Bake yourself warm: fruity soda bread recipe

There are two things I’m dreaming of right now to keep me warm this chilly, snowy Friday afternoon.

First a steaming bowl of soup for lunch to keep those chills at bay and then some homemade bread. Baking bread always ensures a warm, cosy hug permeates my kitchen. This recipe for fruity soda bread is a teatime treat delicious with a steaming mug of tea.  As much as I enjoy making yeasted bread, soda-bread is much more instantly gratifying, as you can have warm bread on the table within an hour or so and it’s perfect to whip up on the fly if you have friends over for brunch on the weekend.

Although Christmas and all its spicy fruity glamour is a distant memory, a simple fruit loaf with a sprinkling of spice is always spot on comfort food, whatever the season.  For a gluten-free version just switch the flour for gluten-free flour and gluten-free oats. Traditionally soda bread calls for buttermilk or yogurt, which I don’t have in generally as I usually stick with dairy free products. I find the soya milk or Kara Coconut milk works a treat and ideal if you are dairy intolerant.  I don’t give exact amounts of fruit and nuts this can be up to you and depend what you have in the cupboard. I made a really nice spelt loaf earlier in the week with walnuts and apricots (about 50gs of each).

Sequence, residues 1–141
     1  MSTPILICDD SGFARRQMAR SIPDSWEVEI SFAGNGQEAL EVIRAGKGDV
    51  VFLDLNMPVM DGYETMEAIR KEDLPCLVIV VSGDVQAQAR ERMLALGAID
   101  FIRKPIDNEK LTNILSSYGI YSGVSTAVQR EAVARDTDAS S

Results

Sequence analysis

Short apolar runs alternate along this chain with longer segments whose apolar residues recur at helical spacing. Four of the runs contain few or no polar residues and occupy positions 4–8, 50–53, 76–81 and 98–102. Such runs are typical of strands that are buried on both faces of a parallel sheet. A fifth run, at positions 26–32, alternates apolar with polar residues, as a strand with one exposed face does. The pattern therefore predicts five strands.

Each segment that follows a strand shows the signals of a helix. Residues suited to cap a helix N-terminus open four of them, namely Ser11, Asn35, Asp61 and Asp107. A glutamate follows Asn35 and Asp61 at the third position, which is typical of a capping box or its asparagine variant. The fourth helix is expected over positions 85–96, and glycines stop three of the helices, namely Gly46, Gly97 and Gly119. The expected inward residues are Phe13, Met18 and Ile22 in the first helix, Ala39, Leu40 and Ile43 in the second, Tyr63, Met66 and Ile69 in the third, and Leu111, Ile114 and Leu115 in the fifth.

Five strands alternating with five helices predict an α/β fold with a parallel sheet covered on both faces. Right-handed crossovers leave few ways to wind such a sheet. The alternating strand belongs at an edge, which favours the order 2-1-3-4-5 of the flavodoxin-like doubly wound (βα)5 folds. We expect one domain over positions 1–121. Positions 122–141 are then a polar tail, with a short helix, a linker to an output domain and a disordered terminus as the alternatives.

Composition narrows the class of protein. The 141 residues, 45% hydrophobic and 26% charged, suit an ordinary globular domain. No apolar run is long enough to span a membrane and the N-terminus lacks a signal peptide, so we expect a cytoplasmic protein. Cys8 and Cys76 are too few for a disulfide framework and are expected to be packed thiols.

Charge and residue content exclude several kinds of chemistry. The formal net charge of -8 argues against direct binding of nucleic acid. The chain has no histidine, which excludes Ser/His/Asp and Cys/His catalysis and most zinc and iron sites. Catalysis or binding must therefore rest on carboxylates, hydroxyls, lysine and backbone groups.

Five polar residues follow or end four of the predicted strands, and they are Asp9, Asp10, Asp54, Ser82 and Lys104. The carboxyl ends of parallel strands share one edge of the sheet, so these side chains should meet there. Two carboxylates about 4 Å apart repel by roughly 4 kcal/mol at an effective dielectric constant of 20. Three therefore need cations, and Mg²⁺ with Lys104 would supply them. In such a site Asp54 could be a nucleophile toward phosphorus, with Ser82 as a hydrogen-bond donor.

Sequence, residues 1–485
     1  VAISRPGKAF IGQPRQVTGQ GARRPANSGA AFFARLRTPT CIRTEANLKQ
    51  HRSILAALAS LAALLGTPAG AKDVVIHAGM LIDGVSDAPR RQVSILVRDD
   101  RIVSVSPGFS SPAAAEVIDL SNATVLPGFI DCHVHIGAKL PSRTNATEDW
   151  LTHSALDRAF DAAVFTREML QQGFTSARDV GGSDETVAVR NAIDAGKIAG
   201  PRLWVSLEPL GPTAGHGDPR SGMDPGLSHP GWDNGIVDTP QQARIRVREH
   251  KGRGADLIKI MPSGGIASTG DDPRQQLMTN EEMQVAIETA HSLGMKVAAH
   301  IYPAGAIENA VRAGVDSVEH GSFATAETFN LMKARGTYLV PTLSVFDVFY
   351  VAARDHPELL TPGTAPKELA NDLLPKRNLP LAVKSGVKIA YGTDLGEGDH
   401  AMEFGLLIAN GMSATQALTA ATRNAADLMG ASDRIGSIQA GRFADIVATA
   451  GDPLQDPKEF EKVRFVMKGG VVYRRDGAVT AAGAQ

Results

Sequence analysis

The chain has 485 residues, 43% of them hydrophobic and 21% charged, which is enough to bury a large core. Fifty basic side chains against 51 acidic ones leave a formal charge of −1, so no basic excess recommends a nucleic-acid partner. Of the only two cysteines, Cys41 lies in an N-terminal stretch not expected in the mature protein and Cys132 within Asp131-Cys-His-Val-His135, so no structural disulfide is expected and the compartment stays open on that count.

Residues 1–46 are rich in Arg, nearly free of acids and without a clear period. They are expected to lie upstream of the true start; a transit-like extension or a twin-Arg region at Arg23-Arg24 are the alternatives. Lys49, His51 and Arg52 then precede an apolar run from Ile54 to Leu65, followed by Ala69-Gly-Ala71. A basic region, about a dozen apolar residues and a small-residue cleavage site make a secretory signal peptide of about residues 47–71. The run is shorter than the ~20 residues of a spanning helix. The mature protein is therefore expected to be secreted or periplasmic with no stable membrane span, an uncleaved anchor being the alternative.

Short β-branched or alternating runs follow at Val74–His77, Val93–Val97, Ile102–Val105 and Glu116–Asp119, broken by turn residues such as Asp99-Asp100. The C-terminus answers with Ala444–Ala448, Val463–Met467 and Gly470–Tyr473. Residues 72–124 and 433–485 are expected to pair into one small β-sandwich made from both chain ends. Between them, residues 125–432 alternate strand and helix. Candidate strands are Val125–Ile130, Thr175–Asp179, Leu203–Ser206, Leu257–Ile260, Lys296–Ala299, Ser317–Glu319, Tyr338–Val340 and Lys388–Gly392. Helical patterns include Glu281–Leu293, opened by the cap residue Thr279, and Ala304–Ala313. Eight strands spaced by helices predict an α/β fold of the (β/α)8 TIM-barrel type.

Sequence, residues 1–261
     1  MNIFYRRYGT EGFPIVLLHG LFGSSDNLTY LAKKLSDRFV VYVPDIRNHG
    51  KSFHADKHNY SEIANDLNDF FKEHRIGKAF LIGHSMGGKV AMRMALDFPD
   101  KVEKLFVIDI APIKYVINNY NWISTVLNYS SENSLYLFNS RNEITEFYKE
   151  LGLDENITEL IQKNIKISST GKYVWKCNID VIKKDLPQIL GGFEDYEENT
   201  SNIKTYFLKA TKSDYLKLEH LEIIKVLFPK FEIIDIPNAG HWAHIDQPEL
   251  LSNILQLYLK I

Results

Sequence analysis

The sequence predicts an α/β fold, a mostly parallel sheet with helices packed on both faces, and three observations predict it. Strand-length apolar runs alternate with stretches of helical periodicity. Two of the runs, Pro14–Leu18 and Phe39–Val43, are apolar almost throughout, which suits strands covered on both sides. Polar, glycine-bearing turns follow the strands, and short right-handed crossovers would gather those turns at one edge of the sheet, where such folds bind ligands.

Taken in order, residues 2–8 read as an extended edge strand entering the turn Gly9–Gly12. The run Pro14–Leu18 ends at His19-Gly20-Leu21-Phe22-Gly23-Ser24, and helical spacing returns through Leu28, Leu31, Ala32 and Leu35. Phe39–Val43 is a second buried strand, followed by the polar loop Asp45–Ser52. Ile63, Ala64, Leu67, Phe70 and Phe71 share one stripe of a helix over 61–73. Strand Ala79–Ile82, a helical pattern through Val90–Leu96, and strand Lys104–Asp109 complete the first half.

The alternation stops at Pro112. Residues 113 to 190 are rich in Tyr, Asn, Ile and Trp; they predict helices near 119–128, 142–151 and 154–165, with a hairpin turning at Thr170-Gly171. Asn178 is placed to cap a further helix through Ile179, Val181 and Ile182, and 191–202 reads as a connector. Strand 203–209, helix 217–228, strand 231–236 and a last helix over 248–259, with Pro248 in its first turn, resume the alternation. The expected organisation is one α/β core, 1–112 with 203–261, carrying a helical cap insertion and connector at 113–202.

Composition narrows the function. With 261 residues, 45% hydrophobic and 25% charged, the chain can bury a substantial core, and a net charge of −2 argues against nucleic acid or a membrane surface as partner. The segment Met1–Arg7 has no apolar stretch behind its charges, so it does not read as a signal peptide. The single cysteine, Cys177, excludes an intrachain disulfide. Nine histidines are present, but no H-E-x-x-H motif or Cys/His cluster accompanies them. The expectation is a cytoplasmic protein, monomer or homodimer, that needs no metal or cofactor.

FRUITY SODA BREAD

300g Wholemeal flour

150g fine milled Oats or oat flour (grind oats in a blender to a fine texture)

1 tsp bicarbonate of soda

1 tsp salt

Small handful of walnuts

Small handful of raisins

Small handful of prunes, chopped

Small handful of linseeds and sesame seeds

1 tsp cinnamon

350mls dairy free milk (or buttermilk)

Turn the oven on to preheat to 220 degrees.

Line your chosen baking tin (either a regular loaf tin or an 18cm round cake tin works well).

Mix the flour, baking powder, oats, cinnamon and salt in a large mixing bowl.  Mix in the nuts and dried fruit. Next pour the milk into the dry ingredients, then mix together well, but don’t overwork. You should have a wet dough.

Transfer dough into the lined tin, it can be nice to sprinkle some extra oats or small seeds on top. Score the loaf along the length (or make a cross on a round loaf). This makes for a professional appearance and it also aids in the cooking process.

Place in the oven at 220 degrees, after 15mins reduce the oven to 200 degrees and cook for a further 30mins. The loaf is ready when it is nicely colored and risen and should sound hollow when you tap it underneath.

 

 

 

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